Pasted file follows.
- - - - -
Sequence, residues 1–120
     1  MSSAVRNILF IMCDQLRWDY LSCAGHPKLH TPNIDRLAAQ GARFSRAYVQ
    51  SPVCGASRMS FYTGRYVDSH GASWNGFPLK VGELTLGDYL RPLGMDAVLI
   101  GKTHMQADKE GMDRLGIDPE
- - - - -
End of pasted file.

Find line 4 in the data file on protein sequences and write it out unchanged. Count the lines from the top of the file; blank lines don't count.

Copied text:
   101  GKTHMQADKE GMDRLGIDPE